DISCRETE MATHEMATICS
W W L CHEN
c
±
W W L Chen, 1982, 2008.
This chapter originates from material used by the author at Imperial College, University of London, between 1981 and 1990.
It is available free to all individuals, on the understanding that it is not to be used for ﬁnancial gain,
and may be downloaded and/or photocopied, with or without permission from the author.
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Chapter 4
DIVISION AND FACTORIZATION
4.1. Division
Definition.
Suppose that
a,b
∈
Z
and
a
6
= 0. Then we say that
a
divides
b
, denoted by
a

b
, if there
exists
c
∈
Z
such that
b
=
ac
. In this case, we also say that
a
is a divisor of
b
, or
b
is a multiple of
a
.
Example 4.1.1.
For every
a
∈
Z
\ {
0
}
,
a

a
and
a
 
a
.
Example 4.1.2.
For every
a
∈
Z
, 1

a
and

1

a
.
Example 4.1.3.
If
a

b
and
b

c
, then
a

c
. To see this, note that if
a

b
and
b

c
, then there exist
m,n
∈
Z
such that
b
=
am
and
c
=
bn
, so that
c
=
amn
. Clearly
mn
∈
Z
.
Example 4.1.4.
If
a

b
and
a

c
, then for every
x,y
∈
Z
,
a

(
bx
+
cy
). To see this, note that if
a

b
and
a

c
, then there exist
m,n
∈
Z
such that
b
=
am
and
c
=
an
, so that
bx
+
cy
=
amx
+
any
=
a
(
mx
+
ny
).
Clearly
mx
+
ny
∈
Z
.
PROPOSITION 4A.
Suppose that
a
∈
N
and
b
∈
Z
. Then there exist unique
q,r
∈
Z
such that
b
=
aq
+
r
and
0
≤
r < a
.
Proof.
We shall ﬁrst of all show the existence of such numbers
q,r
∈
Z
. Consider the set
S
=
{
b

as
≥
0 :
s
∈
Z
}
.
Then it is easy to see that
S
is a nonempty subset of
N
∪ {
0
}
. It follows from the Wellordering
principle that
S
has a smallest element. Let
r
be the smallest element of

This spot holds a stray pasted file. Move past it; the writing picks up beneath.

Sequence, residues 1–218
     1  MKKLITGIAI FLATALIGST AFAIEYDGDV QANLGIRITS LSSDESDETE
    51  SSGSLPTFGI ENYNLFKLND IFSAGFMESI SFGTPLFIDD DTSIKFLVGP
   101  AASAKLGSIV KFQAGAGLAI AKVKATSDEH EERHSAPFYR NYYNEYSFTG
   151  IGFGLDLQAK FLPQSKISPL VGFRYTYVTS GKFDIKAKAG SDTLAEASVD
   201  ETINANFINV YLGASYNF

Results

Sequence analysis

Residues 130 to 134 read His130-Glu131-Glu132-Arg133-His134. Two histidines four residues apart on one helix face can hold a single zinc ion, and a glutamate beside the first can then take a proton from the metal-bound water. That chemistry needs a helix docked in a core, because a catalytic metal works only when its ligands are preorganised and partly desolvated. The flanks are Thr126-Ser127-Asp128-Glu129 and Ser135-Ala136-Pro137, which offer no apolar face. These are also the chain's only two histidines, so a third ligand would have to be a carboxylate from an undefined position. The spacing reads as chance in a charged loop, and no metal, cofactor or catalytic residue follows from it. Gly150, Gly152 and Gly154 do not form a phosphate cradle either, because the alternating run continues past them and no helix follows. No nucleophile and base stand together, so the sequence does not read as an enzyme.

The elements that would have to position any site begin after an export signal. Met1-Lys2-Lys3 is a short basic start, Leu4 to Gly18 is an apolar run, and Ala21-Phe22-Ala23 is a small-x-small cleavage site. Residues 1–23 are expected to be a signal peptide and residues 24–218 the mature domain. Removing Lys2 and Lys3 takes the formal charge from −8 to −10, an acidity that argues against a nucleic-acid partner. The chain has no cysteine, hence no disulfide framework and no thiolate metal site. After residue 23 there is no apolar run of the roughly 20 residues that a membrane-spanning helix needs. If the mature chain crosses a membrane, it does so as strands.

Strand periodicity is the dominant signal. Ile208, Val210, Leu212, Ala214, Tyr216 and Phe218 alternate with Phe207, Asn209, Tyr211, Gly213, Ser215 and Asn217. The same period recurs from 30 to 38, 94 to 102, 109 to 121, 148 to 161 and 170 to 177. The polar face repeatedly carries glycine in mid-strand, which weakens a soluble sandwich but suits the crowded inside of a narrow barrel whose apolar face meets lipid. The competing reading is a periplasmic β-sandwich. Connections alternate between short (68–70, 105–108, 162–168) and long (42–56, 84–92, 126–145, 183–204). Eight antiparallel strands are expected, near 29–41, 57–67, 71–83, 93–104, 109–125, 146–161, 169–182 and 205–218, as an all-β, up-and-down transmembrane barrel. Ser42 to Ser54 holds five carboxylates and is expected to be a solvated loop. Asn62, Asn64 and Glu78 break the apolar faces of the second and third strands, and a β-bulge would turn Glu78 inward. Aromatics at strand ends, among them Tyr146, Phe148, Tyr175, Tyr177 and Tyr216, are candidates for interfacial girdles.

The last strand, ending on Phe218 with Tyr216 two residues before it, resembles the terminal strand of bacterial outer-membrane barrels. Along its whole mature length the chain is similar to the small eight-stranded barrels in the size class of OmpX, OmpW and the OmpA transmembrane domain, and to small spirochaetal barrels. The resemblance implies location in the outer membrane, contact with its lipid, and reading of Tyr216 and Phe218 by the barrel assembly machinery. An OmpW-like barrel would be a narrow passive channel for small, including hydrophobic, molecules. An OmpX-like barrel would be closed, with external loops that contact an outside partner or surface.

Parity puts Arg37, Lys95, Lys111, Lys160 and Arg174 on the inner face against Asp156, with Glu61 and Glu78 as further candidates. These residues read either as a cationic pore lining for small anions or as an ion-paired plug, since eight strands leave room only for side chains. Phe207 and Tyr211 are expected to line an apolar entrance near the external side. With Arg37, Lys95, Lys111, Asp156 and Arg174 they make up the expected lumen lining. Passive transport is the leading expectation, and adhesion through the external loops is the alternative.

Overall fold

S
, and let
q
∈
Z
such that
b

aq
=
r
. Clearly
r
≥
0, so it remains to show that
r < a
. Suppose on the contrary that
r
≥
a
. Then
b

a
(
q
+ 1) = (
b

aq
)

a
=
r

a
≥
0, so that
b

a
(
q
+ 1)
∈
S
. Clearly
b

a
(
q
+ 1)
< r
, contradicting
that
r
is the smallest element of
S
.
Chapter 4 : Division and Factorization
page 1 of 6
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View Full DocumentDiscrete Mathematics
c
±
W W L Chen, 1982, 2008
Next we show that such numbers
q,r
∈
Z
are unique. Suppose that
b
=
aq
1
+
r
1
=
aq
2
+
r
2
with
0
≤
r
1
< a
and 0
≤
r
2
< a
. Then
a

q
1

q
2

=

r
2

r
1

< a
. Since

q
1

q
2
 ∈
N
∪ {
0
}
, we must have

q
1

q
2

= 0, so that
q
1
=
q
2
and so
r
1
=
r
2
also.
±
Definition.
Suppose that
a
∈
N
and
a >
1. Then we say that
a
is prime if it has exactly two positive
divisors, namely 1 and
a
. We also say that
a
is composite if it is not prime.
Remark.
Note that 1 is neither prime nor composite. There is a good reason for not including 1 as a
prime. See the remark following Proposition 4D.
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 Spring '08
 RAMASWAMY
 Math, Prime number, Proposition, Greatest common divisor, Divisor, Integer factorization, smallest element

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